What is the state of your business credit?
African American business owners should take their credit reputation seriously. Especially if we want to create a thriving business that can survive the most difficult of times.
A study released in 2020 by the Federal Reserve Bank of Atlanta reveals that 52% of Black business owners relied on their personal credit scores to get financing. One can assume that it’s because the credit standing of their business isn’t good enough to get the financial aid that they need.
If you can relate to that, then you need to pay attention to this article.
The importance of business credit
Business credit is a type of financial tool. Use it to qualify for loans or other financing products. As long as your business has a good credit score, it’s easier to get the financing you need to take your business to the next level.
Not only that, this tool can help you build partnerships. Whether it’s with vendors or B2B (business-to-business) sellers, your credit score helps build your credibility. It sets a foundation for building strong relationships.
When you need to negotiate prices and services rendered, you can also use your business credit as leverage.
As you can see, taking care of the credit reputation of your business opens several opportunities. If you can maintain a good credit standing, it indicates a healthy financial situation. It also proves that your business is reliable.
Now the challenge is, how can you build a great credit reputation for your business?
3 steps to build your business credit
To build your business credit, you need to establish a credit-worthy business first. That means setting up your business, so you’ll be approved a credit line or loan.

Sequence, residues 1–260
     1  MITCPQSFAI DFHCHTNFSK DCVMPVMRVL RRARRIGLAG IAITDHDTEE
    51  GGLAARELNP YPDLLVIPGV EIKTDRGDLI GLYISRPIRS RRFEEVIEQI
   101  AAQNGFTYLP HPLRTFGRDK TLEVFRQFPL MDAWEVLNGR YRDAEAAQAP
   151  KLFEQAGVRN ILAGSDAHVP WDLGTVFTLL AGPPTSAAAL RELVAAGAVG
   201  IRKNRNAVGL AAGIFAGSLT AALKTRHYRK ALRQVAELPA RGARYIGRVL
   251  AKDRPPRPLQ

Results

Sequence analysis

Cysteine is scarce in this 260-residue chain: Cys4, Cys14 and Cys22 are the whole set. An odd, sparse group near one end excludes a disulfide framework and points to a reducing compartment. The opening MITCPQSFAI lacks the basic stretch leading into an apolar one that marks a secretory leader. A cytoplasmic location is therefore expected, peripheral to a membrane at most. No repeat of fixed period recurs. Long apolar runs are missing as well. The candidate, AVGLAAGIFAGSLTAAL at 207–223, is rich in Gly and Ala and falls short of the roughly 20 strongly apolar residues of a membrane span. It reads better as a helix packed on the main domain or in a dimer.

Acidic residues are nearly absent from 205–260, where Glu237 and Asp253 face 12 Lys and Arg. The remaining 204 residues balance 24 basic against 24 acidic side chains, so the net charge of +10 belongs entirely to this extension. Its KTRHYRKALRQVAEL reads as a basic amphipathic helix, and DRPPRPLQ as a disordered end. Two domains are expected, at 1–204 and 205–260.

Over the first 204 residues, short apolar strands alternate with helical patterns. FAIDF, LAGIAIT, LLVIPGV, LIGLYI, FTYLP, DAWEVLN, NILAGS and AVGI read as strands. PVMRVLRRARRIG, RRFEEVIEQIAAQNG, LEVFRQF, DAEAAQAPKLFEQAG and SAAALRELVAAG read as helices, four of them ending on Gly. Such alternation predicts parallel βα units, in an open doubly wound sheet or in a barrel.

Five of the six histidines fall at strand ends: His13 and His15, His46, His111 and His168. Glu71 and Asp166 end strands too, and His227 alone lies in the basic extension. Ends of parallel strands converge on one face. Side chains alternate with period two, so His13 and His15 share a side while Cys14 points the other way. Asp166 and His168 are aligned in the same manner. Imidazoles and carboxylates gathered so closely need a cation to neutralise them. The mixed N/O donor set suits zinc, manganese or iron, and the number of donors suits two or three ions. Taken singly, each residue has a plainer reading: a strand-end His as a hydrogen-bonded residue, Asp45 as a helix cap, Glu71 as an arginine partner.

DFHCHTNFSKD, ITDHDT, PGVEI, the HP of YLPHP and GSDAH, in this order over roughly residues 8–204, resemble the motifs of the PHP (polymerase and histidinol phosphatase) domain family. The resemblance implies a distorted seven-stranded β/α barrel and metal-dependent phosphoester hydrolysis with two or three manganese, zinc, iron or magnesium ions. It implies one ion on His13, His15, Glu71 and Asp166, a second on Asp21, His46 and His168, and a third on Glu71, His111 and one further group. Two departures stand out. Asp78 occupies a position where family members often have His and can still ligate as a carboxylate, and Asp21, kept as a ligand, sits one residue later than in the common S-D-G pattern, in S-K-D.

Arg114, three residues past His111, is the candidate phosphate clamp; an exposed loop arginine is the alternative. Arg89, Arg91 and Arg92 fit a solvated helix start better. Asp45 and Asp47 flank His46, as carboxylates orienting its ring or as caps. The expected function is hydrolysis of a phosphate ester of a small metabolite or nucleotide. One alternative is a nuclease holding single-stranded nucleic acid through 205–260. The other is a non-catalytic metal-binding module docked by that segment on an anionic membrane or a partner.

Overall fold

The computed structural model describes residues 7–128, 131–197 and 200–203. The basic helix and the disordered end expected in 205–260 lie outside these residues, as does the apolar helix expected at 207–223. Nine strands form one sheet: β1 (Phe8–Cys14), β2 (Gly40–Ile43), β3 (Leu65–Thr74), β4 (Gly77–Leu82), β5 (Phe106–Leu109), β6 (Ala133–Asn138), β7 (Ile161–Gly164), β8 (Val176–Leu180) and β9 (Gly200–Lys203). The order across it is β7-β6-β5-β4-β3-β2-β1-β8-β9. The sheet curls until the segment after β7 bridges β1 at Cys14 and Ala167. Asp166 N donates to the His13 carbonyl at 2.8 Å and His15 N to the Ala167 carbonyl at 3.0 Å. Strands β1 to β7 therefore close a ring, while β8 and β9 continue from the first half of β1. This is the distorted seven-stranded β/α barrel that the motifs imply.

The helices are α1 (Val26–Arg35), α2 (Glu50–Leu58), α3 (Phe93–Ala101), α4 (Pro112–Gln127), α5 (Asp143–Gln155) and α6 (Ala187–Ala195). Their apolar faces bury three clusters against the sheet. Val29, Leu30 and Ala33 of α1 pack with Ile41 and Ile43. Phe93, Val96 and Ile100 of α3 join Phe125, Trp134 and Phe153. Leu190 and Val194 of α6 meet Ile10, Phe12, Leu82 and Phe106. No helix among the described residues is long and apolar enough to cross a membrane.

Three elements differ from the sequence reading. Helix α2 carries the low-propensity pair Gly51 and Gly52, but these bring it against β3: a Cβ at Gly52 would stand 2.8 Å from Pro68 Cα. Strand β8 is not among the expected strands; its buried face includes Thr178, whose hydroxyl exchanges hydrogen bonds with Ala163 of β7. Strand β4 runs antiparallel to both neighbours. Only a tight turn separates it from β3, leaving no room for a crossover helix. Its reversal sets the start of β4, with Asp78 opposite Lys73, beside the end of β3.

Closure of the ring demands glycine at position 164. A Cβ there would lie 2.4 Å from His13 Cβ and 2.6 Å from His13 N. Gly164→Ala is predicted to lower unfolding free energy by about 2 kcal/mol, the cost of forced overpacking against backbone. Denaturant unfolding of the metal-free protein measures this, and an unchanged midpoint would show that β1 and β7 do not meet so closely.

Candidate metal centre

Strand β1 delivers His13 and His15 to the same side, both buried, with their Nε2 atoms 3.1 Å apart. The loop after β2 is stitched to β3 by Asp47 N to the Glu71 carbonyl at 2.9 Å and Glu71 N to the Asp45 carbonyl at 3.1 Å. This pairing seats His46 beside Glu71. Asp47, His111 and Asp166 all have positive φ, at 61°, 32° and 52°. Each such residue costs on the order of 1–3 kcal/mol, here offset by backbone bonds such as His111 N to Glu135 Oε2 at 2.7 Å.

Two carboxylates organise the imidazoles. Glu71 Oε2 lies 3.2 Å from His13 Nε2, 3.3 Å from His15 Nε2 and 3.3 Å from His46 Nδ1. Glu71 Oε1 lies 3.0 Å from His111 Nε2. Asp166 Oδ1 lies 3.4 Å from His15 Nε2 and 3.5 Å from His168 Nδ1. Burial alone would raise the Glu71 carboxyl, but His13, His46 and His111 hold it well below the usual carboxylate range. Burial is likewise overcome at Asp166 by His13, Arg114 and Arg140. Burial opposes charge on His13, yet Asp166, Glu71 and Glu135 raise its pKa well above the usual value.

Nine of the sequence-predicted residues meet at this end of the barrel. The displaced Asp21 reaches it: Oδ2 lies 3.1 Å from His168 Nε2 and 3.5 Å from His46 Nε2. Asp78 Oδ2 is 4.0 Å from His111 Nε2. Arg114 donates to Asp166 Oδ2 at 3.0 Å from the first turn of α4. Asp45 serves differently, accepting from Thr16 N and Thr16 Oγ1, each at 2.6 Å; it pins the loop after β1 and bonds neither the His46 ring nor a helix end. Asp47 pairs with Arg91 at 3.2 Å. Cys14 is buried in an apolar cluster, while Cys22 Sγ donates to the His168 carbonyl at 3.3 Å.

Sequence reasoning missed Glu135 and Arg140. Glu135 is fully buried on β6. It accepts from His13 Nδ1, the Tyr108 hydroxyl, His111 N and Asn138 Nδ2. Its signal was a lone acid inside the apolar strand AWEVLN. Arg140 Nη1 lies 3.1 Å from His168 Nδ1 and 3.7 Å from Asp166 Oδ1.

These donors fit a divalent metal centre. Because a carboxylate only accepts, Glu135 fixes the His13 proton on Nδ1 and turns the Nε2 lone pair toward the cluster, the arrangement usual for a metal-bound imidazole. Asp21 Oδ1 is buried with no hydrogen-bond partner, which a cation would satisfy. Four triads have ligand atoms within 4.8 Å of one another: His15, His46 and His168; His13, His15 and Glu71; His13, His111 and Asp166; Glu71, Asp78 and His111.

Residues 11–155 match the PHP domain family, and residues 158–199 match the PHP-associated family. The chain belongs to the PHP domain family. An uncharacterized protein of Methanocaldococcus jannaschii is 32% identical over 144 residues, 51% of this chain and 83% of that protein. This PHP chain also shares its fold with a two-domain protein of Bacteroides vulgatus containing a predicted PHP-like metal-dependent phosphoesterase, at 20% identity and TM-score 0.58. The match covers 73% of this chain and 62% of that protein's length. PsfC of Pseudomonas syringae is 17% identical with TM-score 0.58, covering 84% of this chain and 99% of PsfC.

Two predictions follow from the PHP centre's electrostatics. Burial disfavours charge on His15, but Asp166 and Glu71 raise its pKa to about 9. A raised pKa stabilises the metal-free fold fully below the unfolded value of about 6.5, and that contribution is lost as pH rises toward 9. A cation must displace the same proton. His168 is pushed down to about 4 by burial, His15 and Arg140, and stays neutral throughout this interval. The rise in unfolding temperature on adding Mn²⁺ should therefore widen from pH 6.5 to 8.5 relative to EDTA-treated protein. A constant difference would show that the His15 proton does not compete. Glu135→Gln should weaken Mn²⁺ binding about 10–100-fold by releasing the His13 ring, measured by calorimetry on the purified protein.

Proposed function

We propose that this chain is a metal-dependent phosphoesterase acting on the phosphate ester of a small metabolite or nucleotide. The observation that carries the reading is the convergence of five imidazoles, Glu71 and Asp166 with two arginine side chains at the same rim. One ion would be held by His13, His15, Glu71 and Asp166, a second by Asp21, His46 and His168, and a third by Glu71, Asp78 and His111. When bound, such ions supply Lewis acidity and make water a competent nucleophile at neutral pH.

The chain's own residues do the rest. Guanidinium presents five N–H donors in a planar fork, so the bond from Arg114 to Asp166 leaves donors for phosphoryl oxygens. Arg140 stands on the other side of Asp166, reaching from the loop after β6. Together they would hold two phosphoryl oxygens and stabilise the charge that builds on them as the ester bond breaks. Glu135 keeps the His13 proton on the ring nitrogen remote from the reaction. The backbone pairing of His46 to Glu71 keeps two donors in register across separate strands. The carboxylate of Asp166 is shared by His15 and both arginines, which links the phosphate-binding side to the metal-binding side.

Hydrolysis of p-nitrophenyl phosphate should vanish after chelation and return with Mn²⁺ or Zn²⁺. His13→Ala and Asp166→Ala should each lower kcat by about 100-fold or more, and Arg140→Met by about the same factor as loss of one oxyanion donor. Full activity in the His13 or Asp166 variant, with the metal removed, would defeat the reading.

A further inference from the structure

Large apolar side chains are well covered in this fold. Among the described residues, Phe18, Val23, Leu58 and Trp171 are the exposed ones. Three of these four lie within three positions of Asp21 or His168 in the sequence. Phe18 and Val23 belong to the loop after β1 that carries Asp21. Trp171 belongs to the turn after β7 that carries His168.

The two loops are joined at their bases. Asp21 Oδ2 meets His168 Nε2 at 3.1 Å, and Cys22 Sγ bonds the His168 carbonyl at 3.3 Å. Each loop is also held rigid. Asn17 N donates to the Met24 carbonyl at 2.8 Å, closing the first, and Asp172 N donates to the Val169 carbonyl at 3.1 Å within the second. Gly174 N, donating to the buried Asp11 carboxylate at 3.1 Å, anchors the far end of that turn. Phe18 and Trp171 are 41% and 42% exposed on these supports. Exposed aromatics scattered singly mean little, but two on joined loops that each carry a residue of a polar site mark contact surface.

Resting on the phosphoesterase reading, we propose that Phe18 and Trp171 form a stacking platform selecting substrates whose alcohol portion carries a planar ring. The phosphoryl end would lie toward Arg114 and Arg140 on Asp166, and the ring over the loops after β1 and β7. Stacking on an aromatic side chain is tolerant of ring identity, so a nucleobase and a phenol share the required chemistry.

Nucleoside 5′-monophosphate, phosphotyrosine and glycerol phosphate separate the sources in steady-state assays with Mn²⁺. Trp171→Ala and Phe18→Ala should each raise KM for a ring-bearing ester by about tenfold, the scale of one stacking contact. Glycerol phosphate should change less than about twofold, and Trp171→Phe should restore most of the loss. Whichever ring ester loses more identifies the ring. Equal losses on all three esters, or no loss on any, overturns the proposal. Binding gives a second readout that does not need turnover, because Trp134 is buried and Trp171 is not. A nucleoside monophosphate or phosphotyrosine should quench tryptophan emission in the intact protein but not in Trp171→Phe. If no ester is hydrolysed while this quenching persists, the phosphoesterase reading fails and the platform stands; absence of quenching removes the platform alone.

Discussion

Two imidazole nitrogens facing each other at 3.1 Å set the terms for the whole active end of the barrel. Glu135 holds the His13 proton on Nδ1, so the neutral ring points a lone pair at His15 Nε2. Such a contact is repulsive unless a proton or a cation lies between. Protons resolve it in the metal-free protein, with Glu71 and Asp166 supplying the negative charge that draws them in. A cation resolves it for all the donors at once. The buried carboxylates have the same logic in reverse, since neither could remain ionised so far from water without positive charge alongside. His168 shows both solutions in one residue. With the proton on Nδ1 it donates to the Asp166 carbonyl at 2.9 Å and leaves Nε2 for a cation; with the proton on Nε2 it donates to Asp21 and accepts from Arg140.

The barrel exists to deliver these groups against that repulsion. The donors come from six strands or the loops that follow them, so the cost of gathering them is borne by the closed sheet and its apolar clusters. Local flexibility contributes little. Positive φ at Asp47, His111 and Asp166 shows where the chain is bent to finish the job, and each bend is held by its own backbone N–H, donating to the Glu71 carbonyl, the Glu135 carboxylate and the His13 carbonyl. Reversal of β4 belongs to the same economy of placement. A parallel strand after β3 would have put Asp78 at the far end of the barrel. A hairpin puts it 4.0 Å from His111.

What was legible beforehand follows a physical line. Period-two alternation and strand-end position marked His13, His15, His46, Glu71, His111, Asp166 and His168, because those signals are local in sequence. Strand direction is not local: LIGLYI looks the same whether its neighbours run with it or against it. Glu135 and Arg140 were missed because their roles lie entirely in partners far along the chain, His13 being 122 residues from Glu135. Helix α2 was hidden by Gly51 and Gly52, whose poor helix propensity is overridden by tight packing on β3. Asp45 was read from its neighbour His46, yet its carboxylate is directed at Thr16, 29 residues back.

How do you do that? There are three simple steps for you to follow.
Step 1: Structure your business as a legal entity
Start by establishing your business as a proper legal entity. There are several types of business structures to choose from:
- A Sole Proprietorship is the simplest form when it comes to business structures. This means only one person is responsible for the company – whether that’s profit or debts.
- A Partnership is a business that is owned by two or more people. This has two types. One is a general partnership where everyone involved has equal rights to the business. The second is limited partnership wherein one partner has more control over the operations than the other.
- A Limited Liability Company is a hybrid type of business structure. Owners are able to limit their personal liabilities while enjoying the benefits one can get from a partnership structure.
- A Corporation is when the business is completely separate from the owners. That means the personal assets of the owners are shielded in case the business comes under fire. This type of structure has several types under it: C corporation, S corporation, B corporation, closed corporation, open corporation, and nonprofit corporation.
- A Cooperative is owned by the very people that it was created to serve – hence the term user owners.
Make sure you consult a lawyer to help you determine the best type of structure for your business. Get in touch with a tax attorney. Or you can get in touch with us at the African American Chamber of Commerce so we can help you.
Step 2: Get your EIN (Employer Identification Number)